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The Writing Process

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Monica Swindle

on 28 August 2013

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Transcript of The Writing Process

Discover Ideas
Exploration & Organization
Writing Process
Yes! Because you are not stressing over your essay at the last minute!
Rhetorical Situation
(cc) photo by jimmyharris on Flickr
(cc) photo by Metro Centric on Flickr
Main Idea
Plenty of Specific Supporting Details
Organization and Transition
Find a way to make topics and assignments personally interesting.
Believe you have something worthwhile to say.
Express what you have to say after you’ve listened, read, debated, pondered and explored beyond the surface
Who is the reader?
What do they know/think about your topic?
time and place
what if your first idea doesn't work out?
what if there is a better idea swimming around in your head somewhere?
what it you can't think of anything more to write about?
Once you have a general idea or experience to write about, then you need to explore that idea more in-depth. If you skip this step, called exploration, you will likely not end up with enough to write about.
You can explore your topic by continuing more prewriting activities, discussing your topic with others, by creating a scratch outline, by doing research, or journaling/blogging.
Thesis Statement: There is more than one type of outline.
I. The first outline you are likely to make is a rough outline.
A. A rough outline is usually just a list of ideas put into some sort of order.
II. A scratch outline helps you focus your inital outline and weed out unusable ideas.
A. To make a scratch outline, the writer scratches out ideas on the rough outline that don't work for the rhetorical situation.
III. A formal outline is the most detailed outline and the closest to your actual essay.
a main point expressed in a topic sentence
all details support the topic sentence
a variety of points supporting the main idea
specific details for each supporting point
enough support
support that will be convincing to my reader?
clear method of organization
transitions and other cueing devices
(def) rewriting a paper, building upon what has already been done, in order to make it more effective for the rhetorical situation; revision often takes longer than writing
set your draft aside for awhile; write a little each day rather than binging
read your draft out loud and make notes in the margin for the next draft
peer review and conferencing
unnecessary details
topic sentence/thesis
organizational pattern
flow and transitions
intro and conclusion
word choice
Print your paper
Read each sentence and check for grammar, punctuation, usage, and spelling errors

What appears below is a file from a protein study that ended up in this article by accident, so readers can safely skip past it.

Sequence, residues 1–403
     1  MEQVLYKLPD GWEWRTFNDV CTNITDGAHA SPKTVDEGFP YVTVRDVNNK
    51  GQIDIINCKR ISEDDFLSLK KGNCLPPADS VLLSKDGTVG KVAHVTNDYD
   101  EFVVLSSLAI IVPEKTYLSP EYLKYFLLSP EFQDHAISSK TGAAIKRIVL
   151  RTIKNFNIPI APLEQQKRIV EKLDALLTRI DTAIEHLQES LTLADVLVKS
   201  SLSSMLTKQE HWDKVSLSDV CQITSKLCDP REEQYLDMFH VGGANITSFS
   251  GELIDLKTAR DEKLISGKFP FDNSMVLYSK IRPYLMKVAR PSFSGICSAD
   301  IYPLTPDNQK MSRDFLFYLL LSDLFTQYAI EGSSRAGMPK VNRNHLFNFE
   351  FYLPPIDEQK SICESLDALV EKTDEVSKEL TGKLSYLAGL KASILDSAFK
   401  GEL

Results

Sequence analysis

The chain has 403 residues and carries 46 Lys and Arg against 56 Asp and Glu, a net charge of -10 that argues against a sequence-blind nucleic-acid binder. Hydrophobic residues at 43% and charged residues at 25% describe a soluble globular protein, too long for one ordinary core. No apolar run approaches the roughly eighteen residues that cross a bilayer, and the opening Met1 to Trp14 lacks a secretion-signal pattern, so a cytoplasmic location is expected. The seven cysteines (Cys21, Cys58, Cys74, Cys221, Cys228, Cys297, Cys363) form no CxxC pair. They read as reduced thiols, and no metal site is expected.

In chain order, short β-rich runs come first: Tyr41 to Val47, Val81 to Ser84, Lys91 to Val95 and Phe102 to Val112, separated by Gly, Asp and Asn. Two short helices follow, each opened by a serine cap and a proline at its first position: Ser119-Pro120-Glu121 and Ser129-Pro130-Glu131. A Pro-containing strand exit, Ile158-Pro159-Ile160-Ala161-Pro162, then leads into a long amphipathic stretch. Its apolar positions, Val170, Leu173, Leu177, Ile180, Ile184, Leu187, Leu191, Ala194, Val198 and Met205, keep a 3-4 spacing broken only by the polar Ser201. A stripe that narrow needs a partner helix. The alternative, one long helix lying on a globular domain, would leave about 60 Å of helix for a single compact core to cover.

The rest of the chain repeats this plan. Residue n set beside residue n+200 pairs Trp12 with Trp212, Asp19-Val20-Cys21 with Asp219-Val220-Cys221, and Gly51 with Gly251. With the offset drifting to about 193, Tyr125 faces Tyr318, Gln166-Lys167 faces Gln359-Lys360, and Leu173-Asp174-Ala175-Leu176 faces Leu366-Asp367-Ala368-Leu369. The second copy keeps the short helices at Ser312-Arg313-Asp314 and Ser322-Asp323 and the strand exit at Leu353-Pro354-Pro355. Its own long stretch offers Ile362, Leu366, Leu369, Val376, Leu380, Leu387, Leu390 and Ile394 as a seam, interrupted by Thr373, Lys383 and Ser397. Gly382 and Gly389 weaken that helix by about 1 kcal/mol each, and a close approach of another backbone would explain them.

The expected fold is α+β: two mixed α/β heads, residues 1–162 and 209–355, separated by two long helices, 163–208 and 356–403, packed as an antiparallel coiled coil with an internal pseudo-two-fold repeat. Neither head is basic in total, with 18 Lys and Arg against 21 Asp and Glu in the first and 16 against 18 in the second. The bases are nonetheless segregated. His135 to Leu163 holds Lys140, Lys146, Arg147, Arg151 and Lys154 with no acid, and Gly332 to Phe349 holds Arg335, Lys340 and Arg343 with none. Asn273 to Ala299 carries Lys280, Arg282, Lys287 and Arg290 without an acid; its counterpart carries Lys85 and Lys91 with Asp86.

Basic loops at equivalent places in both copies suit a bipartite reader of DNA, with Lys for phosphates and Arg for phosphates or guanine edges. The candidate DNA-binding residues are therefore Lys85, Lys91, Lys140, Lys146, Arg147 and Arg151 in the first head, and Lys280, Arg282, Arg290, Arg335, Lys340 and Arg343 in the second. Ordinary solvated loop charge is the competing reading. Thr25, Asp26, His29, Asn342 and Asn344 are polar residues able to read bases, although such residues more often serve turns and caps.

Have someone else edit your paper
When you get papers back note the errors you make most frequently and how to catch and correct them!
How do you write?
Who looked like this when they found out they were taking a writing class this semester?
Myths About Writing
It is easy
Some people are just talented; some aren't
It doesn't take a lot of time
"I write better under pressure"
It isn't fun
You only have to do it for school
You have to get it right the first time
A good piece of writing does all three of the basic aims: informs, persuades, entertains.
A set of instructions for building a backyard swing set
A magazine article that questions the immigration status of Superman
An editorial in the student newspaper calling for a reduction in student parking fees
A poem that makes fun of a computer Spell Check system
A newspaper article about the budget deficit in your state
A newspaper editorial about how the state should get out of debt
A letter of complaint about poor service from a cell phone provider
A restaurant menu that includes brief descriptions of each meal
A letter of reference given to a prospective employer
A Composition I essay describing a childhood memory of a fishing trip
focused freewriting
The goal of prewriting is to free up your creativity and to generate as many possible ideas as you can.
You can begin to shape your disorganized prewriting ideas into a paper by deciding upon the point you want to make and then organizing your ideas to support that point.
Answers the questions “What’s the point?” or “So what?”
Controls the action of the paper.
An effective thesis takes the subject and provides direction for your take, your informed opinion, on the subject.
In a paragraph, the point is presented in the topic sentence. The topic sentence lets the reader know the point that the writer intends to make about a particular subject. We call this point the controlling idea.
In an essay, the point is presented in the thesis statement. The thesis lets the reader know the point that the writer intends to make about a particular subject. We call this point the controlling idea.
Begin with a point. . .
review assignment sheet
check for typos
check formatting
print and submit in a folder with all process work
What I saw in your sample writing
Time management
Fully developing your ideas by providing specific support
Paragraph Structure
Revising and Editing
Full transcript